New Read: Faith and Moonlight

faith-and-moonlight

Last year, I read and enjoyed four of Mark Gelineau’s & Joe King’s novellas from two threads of their fantasy series, Echo of the Ascended. So much so I didn’t wait long into this year to continue my reading with Faith and Moonlight; the first novella in a third thread of their epic series.

Previously I have read about Elinor a brave orphan girl who rose to be the King’s Reaper; in the A Reaper of Stone thread. Also, I have read about another orphan Alys, who is a hardened survivor of the dangerous, poverty-stricken underworld of the capital city; in the Best Left in the Shadows thread. Turns out these orphans all originally knew each other and this novella takes the reader back in time to the tragic fire at their orphanage which saw them separated and scattered across the kingdom.

In Faith and Moonlight, we are introduced to teenage orphans Roan and Kay. Who have been torn from the only home and family they’ve ever known, after a terrible fire destroyed their orphanage and killed most of it’s inhabitants. Now, Roan and Kay are journeying together to the city with hopes and dreams of entering the prestige School of Faith to train to become a legendary Razor. However, on arrival they are given just one month to prove their worth by passing the entry trial of pushing past the veil and touching the magical power within. Failure will mean an end to all their dreams and the prospect of life out in the cold, dark and dangerous world alone.

Unlike the previous novellas I have read, Roan and Kay are not grown up orphans but instead they are still young, naïve and vulnerable. This gives the reader the opportunity to watch them grow and, hopefully, follow their path to success like their fellow orphans Elinor and Alys. It also cleverly gives Gelineau’s and King’s series a young adult thread. Ronan and Kay are very close to each other and have promised to face everything together. Yet on arrival they find themselves divided, as Roan excels in his training Kay desperately struggles to keep up. I really liked them both and found myself willing them on, particularly poor Kay.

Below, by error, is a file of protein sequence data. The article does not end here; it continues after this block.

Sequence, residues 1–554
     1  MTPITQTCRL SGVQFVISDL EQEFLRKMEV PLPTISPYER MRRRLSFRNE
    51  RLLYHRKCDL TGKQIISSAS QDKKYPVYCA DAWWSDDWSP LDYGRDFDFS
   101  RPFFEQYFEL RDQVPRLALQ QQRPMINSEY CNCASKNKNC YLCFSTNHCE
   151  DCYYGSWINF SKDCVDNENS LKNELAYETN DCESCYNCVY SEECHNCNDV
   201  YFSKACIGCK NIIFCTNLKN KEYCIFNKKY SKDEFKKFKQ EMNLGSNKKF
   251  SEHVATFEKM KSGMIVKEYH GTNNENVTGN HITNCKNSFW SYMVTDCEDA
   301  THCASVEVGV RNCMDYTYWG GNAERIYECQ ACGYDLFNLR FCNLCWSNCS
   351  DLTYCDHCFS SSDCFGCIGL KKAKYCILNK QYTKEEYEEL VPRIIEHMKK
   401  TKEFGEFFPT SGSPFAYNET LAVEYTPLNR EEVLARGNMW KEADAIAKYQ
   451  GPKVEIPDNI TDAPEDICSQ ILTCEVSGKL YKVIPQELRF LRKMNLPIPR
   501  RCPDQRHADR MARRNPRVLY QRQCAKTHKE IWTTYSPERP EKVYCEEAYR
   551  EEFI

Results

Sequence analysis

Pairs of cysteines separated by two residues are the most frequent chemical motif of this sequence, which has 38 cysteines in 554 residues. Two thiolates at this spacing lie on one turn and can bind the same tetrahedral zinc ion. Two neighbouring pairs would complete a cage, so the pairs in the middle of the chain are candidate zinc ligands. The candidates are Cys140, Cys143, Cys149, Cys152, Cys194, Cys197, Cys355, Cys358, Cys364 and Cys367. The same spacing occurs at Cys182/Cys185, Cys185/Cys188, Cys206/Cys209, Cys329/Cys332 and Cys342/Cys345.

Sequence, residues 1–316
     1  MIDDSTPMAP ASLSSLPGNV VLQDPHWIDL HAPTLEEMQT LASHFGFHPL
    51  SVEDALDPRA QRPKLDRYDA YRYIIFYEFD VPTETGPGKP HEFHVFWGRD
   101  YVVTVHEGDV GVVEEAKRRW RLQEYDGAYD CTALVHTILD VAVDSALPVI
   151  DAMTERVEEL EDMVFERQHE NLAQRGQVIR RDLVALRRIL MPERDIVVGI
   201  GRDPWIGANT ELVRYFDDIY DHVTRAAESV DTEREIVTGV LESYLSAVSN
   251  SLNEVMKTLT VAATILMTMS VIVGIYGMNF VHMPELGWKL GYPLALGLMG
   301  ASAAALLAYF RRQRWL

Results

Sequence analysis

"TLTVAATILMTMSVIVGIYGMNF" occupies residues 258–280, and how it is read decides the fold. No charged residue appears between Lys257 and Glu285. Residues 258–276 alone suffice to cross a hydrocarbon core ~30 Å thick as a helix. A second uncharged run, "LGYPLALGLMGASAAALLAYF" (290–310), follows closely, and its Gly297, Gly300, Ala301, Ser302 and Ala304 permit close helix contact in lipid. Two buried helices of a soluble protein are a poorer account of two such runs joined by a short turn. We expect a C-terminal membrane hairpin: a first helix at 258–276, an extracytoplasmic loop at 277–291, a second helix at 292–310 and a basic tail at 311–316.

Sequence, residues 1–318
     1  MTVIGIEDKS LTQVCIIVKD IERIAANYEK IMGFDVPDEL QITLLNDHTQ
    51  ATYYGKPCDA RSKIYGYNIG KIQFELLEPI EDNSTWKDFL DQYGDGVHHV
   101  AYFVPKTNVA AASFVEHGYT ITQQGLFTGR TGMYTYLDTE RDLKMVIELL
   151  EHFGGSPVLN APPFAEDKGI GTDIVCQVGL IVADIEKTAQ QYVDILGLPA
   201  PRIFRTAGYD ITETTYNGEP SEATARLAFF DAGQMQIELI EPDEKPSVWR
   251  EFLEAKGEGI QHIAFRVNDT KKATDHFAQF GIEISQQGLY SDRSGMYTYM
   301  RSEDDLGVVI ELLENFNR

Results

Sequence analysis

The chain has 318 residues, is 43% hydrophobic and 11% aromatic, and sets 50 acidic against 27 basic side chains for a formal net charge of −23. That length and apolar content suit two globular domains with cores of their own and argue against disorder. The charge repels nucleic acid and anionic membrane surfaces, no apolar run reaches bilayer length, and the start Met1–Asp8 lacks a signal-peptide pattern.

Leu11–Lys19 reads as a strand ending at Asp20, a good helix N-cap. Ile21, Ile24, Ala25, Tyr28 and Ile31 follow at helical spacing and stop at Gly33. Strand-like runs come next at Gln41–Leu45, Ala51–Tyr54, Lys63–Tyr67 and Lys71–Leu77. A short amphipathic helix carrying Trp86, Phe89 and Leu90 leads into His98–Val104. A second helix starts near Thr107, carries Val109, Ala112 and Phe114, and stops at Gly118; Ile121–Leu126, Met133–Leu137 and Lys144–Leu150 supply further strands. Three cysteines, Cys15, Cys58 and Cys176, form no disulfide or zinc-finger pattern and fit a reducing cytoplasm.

Like previous threads this new one gave me a view of another area/side to the kingdom of Aedaron. First, I was taken out onto the wild Marshlands; then I was taken to the dark, seedy Lowside; while this took me to the beautiful and serene School of Faith – a place of peace, education, power and history, with its marble buildings and lush green grass, where there is the opportunity for fame and glory if Roan and Kay are allowed to stay! I enjoyed having this pleasant and safe setting however don’t get thinking this means there is nothing scary. Just outside the gates the bustling, dangerous world threatens and Kay is terrified of going back there.

Overall, I thought Faith and Moonlight was another highly enjoyable young adult thread to this epic fantasy series and I look forward to reading Faith and Moonlight 2 soon! Good read.

Thank you to the authors for providing a copy of this book via NetGalley in exchange for my honest opinion.

Have you read this? Or any of the other Echo of the Ascended novellas?

New Read: Wendy Darling, Volume 2: Seas

wendy-darling-2

Last year, I read Wendy Darling, Volume 1: Stars by Colleen Oakes, the start of Oakes’ new, young adult series inspired by J M Barrie’s ‘Neverland’, and I didn’t have to wait long to read this, Volume 2: Seas, released later the same year. I actually finished reading this at the very end of last year but I have only just got round to sharing my full thoughts on it.

In the last book, Wendy and her brothers were whisked away by the wild, magical Peter Pan through their nursery window, past the stars and on to Neverland! A fantastical land of turquoise seas, glimmering beaches, mermaids, pirates and the freedom of life as a Lost Boy. However, Wendy discovered all was not at all as it appeared which forced her to flee with her youngest brother, Michael, in tow. Only to discover, at the beginning of this book, that they have fallen straight into the clutches of the dreaded Captain Hook aboard his fearsome pirate ship, Sudden Night. Now Wendy must negotiate pirate feuds, mermaids and spies whilst also hiding from Peter, who will stop at nothing to get her back.

As a female myself, it is nice to see Oakes choosing to tell her re-imagining from the point-of-view of Wendy. A young lady, who in the first book, I found to be naïve and emotional weak – I often wanted to give her a jolly good shake – yet she was also kind and had the potential for more. I am thrilled to say Wendy did grow as a character in this second book. Although her old faults were still there she did also show more strength, intelligence and resourcefulness, especially when trying to protect her adorable little brother Michael. Whilst thankfully her other brother, the thoroughly dislikeable John, stays with Peter so we don’t have to see him much.